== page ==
Agricultural research, whether it’s conducted here in the United States or abroad, has forever transformed the landscape of farming. From the hybridization of plant species and the production of biofuels to the utilization of precision agricultural technologies, when countries invest in agricultural research, the world benefits. Additionally, providing economic development programs to developing countries reduces poverty rates and increases purchasing power, which expands market opportunities for U.S. farmers. According to the USDA’s Foreign Agricultural Service, the U.S. provided $49.87 billion, or 1.2% of total U.S. gross domestic product, in assistance to developing countries, with 44% of that dedicated to economic development programs.
For decades, the U.S. has leveraged agricultural research and economic development assistance to developing countries into new market access and potential future trading partners. These assistance efforts have a positive impact on the U.S. economy and employees through direct and indirect spillover benefits.
This Market Intel article will focus on the spillover benefits to U.S. producers from agricultural R&D in developing countries. Spillover benefits occur when the consumption of a good or service by one group of individuals positively impacts a third party.
Direct Spillover Benefits
Another example of the direct benefits associated with collective research is under USAID’s Feed the Future program at the Grain Legumes Innovation Lab, which is led by Michigan State University. The new Zorro black bean variety, the number one variety grown in Michigan, is a new, upright, high-yielding variety that is estimated to increase the value to growers by $10 million per year. Much of the increased value to farmers comes from reduced production costs from being able to easily harvest due to the upright nature of the stalk.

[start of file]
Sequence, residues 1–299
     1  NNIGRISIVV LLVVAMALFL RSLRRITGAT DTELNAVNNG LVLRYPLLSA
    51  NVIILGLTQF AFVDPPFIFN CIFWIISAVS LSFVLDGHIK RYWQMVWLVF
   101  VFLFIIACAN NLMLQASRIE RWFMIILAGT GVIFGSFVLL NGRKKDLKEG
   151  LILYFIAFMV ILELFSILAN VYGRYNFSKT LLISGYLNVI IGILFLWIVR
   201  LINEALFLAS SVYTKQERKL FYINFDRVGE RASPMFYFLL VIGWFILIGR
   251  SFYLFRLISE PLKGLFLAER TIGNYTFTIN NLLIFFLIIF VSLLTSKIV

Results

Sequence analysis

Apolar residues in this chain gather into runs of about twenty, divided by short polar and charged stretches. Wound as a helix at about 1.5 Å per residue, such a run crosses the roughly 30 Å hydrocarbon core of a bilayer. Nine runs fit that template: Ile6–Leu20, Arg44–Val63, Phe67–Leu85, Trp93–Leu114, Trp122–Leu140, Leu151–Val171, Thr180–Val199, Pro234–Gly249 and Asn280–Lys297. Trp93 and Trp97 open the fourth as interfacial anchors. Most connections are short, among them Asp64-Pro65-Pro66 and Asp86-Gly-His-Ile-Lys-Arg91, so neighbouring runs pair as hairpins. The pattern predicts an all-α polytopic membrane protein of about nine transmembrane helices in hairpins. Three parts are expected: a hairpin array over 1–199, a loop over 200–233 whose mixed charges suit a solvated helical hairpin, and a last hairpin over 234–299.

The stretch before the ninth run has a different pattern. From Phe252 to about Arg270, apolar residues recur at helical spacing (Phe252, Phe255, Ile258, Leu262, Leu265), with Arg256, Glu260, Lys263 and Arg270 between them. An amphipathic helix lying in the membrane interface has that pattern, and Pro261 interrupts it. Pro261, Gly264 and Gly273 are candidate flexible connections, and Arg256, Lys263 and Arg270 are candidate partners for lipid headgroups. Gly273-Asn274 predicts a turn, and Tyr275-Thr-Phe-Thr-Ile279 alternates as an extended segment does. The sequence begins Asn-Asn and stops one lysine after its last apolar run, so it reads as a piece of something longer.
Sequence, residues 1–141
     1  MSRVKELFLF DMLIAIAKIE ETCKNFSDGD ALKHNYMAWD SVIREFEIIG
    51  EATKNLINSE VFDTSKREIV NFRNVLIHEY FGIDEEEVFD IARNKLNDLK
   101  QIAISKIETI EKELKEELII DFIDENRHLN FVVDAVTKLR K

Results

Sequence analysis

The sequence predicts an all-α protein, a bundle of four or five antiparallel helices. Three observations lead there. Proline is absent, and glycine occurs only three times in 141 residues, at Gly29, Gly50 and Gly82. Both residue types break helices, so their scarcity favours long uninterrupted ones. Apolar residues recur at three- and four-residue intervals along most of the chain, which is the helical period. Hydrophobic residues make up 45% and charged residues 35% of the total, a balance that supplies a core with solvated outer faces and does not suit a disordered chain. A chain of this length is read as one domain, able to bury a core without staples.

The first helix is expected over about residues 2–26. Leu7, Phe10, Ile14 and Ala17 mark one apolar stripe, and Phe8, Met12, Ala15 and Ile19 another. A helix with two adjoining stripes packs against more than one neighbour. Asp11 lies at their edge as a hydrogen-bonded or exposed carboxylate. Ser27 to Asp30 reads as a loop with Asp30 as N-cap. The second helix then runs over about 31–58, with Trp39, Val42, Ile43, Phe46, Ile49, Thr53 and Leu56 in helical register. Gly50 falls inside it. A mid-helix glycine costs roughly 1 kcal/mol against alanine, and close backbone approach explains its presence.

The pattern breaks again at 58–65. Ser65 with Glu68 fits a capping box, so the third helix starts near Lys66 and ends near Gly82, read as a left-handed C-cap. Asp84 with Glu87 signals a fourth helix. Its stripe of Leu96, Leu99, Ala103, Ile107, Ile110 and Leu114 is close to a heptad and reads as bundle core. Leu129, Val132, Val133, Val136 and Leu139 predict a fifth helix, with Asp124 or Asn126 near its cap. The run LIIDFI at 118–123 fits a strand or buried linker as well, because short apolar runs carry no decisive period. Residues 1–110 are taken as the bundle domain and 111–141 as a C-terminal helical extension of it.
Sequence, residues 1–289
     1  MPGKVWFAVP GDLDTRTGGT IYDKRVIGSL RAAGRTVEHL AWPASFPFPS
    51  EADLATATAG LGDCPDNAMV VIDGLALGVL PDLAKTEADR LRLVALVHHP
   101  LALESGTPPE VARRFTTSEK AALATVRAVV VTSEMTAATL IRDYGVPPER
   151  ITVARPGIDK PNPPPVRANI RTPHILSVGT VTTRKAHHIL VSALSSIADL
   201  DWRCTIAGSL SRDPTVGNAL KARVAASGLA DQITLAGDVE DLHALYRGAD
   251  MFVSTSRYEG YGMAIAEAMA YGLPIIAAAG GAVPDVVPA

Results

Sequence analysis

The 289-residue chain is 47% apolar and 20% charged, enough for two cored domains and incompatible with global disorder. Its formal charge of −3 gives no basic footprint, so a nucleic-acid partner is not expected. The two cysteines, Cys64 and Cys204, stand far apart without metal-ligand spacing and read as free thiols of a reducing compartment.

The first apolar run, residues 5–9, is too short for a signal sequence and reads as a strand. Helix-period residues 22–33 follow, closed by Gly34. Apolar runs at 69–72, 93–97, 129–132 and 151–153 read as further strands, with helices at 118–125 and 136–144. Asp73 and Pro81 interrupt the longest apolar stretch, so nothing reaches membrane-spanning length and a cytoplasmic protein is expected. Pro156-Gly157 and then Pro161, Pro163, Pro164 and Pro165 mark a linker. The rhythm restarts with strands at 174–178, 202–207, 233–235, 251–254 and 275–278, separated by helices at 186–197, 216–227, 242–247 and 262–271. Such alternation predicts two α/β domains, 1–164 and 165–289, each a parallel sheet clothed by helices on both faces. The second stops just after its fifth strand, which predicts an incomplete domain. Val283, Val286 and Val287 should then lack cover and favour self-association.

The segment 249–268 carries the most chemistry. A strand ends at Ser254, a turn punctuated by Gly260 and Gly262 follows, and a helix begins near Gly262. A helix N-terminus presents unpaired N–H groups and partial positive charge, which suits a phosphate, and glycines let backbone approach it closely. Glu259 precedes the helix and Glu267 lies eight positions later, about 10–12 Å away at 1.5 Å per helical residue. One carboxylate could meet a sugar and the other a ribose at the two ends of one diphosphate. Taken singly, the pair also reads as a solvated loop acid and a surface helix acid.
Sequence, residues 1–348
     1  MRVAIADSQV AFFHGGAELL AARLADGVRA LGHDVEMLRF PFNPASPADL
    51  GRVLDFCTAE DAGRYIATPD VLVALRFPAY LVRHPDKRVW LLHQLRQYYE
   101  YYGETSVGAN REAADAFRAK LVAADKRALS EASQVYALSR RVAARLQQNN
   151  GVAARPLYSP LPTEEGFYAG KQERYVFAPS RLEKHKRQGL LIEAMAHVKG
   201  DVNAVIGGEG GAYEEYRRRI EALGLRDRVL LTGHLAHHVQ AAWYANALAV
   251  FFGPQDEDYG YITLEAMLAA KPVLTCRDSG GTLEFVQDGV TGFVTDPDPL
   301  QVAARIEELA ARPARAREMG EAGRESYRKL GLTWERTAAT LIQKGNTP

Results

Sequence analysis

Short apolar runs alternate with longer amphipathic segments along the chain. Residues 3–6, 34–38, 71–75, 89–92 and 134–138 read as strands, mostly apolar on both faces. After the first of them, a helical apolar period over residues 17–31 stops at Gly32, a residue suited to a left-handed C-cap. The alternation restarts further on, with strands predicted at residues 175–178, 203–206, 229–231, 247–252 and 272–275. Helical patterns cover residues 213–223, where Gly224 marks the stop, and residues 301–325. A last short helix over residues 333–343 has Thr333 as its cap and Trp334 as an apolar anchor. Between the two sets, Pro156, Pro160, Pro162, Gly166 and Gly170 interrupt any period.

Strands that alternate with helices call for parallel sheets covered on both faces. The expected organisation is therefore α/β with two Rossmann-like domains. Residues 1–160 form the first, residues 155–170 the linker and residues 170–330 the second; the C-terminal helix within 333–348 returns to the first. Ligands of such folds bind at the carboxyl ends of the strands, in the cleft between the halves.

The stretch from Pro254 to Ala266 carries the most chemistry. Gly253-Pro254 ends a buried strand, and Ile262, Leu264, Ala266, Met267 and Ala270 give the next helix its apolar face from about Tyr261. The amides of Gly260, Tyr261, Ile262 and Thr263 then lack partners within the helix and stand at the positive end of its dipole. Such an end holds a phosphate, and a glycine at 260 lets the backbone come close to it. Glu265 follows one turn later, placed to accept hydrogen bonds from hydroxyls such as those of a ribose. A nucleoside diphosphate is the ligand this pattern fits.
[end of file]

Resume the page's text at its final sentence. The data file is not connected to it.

Indirect Spillover Effects
Other spillover benefits that come from U.S. investment in agricultural R&D in developing countries stems from the growth of new markets. According to the United Nations Conference on Trade and Development, agriculture accounts for 22% of GDP and employs two-thirds of the labor force in the least developed countries. Therefore, an investment in agricultural productivity bolsters both the agriculture sector and the overall economy by raising incomes and increasing the country’s GDP. As developing countries’ income levels rise, so do taste preferences, leading to an increased demand for high-quality protein, creating additional markets for U.S. farm and ranch products.
Based on data from the World Health Organization, meat consumption in developing countries is estimated to increase 44% by 2030, representing a 25 lbs.-per-year increase per capita from 1999. The largest increases in meat consumption are estimated in South Asia with a 121% jump predicted by 2030. Figure 1 illustrates the estimated change in meat consumption from levels realized in 1997 through 1999 compared to 2030.
Agricultural R&D is critical to the upward trajectory of U.S. agriculture. Continued investment in the stabilization of new markets in developing countries, as well as the development of technology for farmers and ranchers in the U.S., is essential for the growth and future of farming.
Investments in agricultural research are proven to provide consistently high rates of return, with an estimated 32% of the investment in research by the International Maize and Wheat Improvement Center coming back to U.S. agriculture. And that’s just one example. Investments in agricultural research have proven to be particularly impactful in developing countries with robust agriculture sectors that provide a significant number of the country’s jobs. Therefore, even small productivity gains create large ripples of prosperity throughout a developing economy. These ripples tend to spillover to U.S. producers as the demand for quality proteins increases along with the country’s income levels.